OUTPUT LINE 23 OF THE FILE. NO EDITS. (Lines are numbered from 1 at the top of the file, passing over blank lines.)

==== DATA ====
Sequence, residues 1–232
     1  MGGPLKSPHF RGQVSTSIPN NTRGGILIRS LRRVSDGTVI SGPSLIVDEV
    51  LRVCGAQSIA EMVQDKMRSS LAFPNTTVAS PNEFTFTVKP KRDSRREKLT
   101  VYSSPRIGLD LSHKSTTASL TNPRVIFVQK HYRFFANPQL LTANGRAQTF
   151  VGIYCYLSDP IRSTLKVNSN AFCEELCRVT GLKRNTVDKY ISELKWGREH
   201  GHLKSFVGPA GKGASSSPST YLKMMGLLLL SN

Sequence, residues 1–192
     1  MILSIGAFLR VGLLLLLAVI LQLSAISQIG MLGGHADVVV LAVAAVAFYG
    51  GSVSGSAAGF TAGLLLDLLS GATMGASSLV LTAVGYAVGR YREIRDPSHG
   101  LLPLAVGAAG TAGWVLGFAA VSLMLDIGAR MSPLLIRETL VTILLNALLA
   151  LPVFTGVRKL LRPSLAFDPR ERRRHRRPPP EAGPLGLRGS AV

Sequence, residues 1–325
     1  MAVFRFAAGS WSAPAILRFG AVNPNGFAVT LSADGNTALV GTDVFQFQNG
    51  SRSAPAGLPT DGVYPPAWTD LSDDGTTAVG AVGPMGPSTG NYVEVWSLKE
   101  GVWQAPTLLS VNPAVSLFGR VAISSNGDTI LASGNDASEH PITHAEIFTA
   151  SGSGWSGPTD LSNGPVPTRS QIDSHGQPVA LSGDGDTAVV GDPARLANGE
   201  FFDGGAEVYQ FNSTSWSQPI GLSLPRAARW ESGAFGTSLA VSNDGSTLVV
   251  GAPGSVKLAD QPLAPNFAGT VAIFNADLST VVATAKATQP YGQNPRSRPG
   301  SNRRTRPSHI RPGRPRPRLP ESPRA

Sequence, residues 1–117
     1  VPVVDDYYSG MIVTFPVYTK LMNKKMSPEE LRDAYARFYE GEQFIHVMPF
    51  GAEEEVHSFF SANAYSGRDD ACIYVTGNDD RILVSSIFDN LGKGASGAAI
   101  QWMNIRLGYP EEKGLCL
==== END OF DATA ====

   101  QWMNIRLGYP EEKGLCL